Anyone can join the national movement for music education by visiting www.musicmakesus.ca or on Facebook www.facebook.com/music-makesus.ca.
Maestro Bramwell Tovey is the music director of the Vancouver Symphony Orchestra

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Demand for More Arts Organizations is Internally - not Externally - Driven

I believe from my own experience in working in the arts in BC that there is truth in this article right here at home. Indeed many arts organizations are not formed based on any perceived actual demand or need from the community.  One of the basic tenants of Barry's argument I think is by no means limited to just arts organizations; that need for all of us to have some control of our own destiny in terms of our spiritual, work and artistic lives.

Many organizations, not just arts organizations unfortunately create environments where the individual artists or in the non-arts corporate world "employees" become frustrated and leave a workplace because the top-down traditional management style does not seem to value their opinions, their beliefs, or their work. Yes many new artistic endeavours are formed by artists simply seeking employment; or on a larger level sometimes pre-existing organizations find what seems to be an opportunity to extend their mandate perhaps beyond where it realistically should be and wind up confusing their traditional support base in the process. But this happens in the traditional business world everyday as well.  I have been struck time and time again how here in the "wild west" sometimes artists form new concert series, ensembles, and yes even music and arts training and performance organizations are created more out of some perceived personal or organizational need, rather than a good simple analysis of the forces of supply and demand within the communities that they exist. Only Barry's third point seems to take external forces into account (see below).  At the end of the day however, the Darwinian notion of "survival of the fittest" still seems to apply, as even with the best of intentions, not all of us will succeed. Welcome to the free marketplace!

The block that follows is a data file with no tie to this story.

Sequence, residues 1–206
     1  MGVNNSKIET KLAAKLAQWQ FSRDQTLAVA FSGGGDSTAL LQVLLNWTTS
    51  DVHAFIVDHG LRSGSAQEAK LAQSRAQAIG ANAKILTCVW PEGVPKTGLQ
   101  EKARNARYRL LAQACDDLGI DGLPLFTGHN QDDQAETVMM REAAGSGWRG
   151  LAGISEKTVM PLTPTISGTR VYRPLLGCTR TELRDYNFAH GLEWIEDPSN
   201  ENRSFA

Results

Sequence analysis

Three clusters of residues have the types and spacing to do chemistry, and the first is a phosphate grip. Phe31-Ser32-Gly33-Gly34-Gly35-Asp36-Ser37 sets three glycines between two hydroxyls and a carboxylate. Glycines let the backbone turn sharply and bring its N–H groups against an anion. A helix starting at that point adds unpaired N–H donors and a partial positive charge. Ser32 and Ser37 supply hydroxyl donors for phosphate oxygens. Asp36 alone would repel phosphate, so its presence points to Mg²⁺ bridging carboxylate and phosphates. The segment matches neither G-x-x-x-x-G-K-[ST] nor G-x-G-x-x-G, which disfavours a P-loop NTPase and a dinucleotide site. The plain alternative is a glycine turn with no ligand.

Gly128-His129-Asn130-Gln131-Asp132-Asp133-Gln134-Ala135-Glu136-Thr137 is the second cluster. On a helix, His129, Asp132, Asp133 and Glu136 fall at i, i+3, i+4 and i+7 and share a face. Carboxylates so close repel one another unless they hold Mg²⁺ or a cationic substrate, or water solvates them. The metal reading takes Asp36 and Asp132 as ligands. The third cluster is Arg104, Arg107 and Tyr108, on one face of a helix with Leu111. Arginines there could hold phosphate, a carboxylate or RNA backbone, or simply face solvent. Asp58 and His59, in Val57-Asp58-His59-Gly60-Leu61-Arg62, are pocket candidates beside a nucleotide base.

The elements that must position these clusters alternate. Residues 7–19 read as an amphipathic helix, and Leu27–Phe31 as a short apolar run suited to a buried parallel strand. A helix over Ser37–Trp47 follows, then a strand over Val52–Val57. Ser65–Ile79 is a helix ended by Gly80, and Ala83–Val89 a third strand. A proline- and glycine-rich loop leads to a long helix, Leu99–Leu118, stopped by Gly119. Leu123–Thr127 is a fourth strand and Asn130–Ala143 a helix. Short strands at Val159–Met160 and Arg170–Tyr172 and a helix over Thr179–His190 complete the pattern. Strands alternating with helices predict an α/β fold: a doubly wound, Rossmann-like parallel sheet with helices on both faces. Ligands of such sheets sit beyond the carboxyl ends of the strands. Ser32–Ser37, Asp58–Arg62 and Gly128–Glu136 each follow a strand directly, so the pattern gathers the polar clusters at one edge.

The rest of this post is a quotation from "Barry's Blog" - Sunday May 6th, 2012

The question though is why do so many (of our) people apparently feel the need to start new organizations rather than find a platform for what they want to do within the existing infrastructure? What are the needs that are not being met that gives rise to this kind of unbridled growth - given that the public demand is, at best, constant? We don't seem to have any reliable hard data that would give us some handle on the motivations of all of those that feel compelled to go outside what exists and start a new structure to do what it is they want to do. So we don't have any real discussions about whether or not there are factors at play that we might be able to impact so as to give those seemingly dissatisfied or unhappy with the existent structures available to them more opportunity to stay within the infrastructure as an alternative to going outside of it with yet another new enterprise. It would be enormously valuable to have some reliable data as to the reasoning behind this trend.